SHESAID’s resident sexpert tackles your stickiest sex questions every week.
My boyfriend has a hard time, well, staying hard. Is there something we can do, other than a visit to the doctor?
One of the biggest fallacies we have around sex is that it must always involve penetration, and, by default, erections.
There are several issues with this idea. The first, and probably most obvious, is it puts enormous pressure on men to perform. In much the same way women can’t produce copious amounts of vaginal lubrication on demand (regardless of how turned on we are), men’s penises don’t always comply physically with their mental arousal levels.
Erections are affected by many factors, including stress, illness, certain medications, fatigue, alcohol and diet – just to name a handful. Many of these things are out of a guy’s control, but can nonetheless prompt him to feel like a failure for not being able to perform, which creates a vicious negative thought pattern regarding sex.
The second issue with this school of thought, is the fact it completely invalidates many LGBTQIA+ couples, who may experience sex in a bounty of other ways – none of which necessarily require an erection or penile penetration.
And the third, and arguably most important issue with tying our definition of sex to penis-in-vagina penetration is that sex is a far more complex and nuanced experience than this gives it credit for.
By focusing on penetration, we often inadvertently sabotage our sexual passion with our partners, rushing over or completely neglecting factors like extended eye contact, kissing, caressing, slowly undressing, giving oral and exploring sex toys together. In doing so, sex can start to feel like a kind of empty transaction, and we can ultimately lose sight of its power to bond us and allow us to explore our identities, desires and fantasies.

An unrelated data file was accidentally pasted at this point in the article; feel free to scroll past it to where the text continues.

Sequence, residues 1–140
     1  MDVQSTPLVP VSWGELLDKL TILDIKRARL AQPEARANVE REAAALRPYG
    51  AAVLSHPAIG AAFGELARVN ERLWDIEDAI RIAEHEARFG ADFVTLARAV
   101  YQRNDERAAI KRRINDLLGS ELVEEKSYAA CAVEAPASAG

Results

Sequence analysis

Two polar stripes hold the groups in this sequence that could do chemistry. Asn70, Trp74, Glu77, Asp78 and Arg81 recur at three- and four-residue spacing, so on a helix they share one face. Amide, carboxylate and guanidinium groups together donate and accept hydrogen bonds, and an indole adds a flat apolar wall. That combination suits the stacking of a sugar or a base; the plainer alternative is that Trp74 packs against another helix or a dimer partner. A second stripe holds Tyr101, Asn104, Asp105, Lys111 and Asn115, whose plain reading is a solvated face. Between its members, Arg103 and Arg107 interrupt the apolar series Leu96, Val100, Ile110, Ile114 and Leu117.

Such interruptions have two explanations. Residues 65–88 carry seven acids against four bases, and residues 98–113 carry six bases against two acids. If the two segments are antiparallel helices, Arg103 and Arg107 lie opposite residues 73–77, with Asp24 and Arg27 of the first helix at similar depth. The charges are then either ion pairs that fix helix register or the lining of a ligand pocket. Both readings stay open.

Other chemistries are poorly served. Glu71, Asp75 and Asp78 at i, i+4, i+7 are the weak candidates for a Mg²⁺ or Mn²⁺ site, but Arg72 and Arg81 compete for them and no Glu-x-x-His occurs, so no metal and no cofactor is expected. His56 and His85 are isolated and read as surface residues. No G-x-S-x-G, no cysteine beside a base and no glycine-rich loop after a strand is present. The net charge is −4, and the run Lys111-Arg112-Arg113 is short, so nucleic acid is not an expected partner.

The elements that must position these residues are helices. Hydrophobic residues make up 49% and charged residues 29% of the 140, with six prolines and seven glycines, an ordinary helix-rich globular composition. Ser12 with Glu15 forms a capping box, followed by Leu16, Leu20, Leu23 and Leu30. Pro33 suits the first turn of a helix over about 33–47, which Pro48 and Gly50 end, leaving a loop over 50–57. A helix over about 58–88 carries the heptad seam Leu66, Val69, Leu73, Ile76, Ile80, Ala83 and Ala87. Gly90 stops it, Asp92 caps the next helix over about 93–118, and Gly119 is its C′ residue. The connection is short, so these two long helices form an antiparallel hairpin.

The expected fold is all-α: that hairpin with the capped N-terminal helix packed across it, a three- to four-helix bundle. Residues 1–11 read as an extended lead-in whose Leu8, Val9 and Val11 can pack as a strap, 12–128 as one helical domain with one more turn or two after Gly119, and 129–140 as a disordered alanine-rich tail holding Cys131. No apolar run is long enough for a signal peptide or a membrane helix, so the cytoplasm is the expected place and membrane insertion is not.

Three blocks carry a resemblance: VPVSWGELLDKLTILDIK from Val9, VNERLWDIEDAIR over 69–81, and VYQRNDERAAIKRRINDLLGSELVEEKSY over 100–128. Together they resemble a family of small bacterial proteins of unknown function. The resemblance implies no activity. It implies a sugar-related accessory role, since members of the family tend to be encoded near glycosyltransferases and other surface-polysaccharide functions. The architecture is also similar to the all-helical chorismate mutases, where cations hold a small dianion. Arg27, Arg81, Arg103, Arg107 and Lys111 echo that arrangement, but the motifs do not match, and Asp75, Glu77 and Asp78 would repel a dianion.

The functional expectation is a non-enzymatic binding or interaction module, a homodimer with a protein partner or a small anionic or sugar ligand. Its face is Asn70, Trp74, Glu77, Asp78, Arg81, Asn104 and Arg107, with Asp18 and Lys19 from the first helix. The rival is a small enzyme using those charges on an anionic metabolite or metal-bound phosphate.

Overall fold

This isn’t to say there’s anything wrong with a quick P-in-V session, however, focussing entirely on this as the only route in which to have sex with your partner will inevitably put unnecessary pressure on both of you, while ignoring the multitude of others ways you can connect sexually.
I regularly advise women to keep lube by the bed and use it freely and unabashedly, because female bodies don’t always produce adequate amounts naturally (nor should they be expected to). The same approach applies to men; guys should have a toolbox of other activities and toys to turn to, should they not be able to achieve or maintain an erection.
Using a dildo on you, going down on you, or even having you use toys on him, are all great alternatives to your boyfriend putting his penis inside you.
You also shouldn’t view it as a failing on your part that your boyfriend isn’t always erect during sex. Women have been misled to believe a boner is the only sign a man is turned on by us, and so in the case he doesn’t have one, we must assume we are sexually undesirable. This is simply not the case.
Most men have trouble maintaining erections at some point in their lives. Men are not robots, and as such, their bodies don’t perform on command. What you’re experiencing is completely normal and healthy. I wouldn’t pathologize it or seek ‘treatment’ for, unless it’s accompanied by other health symptoms (in rare cases, erectile issues can be connected to health issues like Diabetes).
Take the pressure off of both of you, and take the expectation of penetration off the table. Let sex be an organic exploration of one another’s bodies – and if that leads to his penis being in your vagina, great! But if that leads to oral sex, mutual masturbation, kissing, or using toys together, be open to that, too. The very best, most pleasurable sex is the kind with no restrictions placed upon it.
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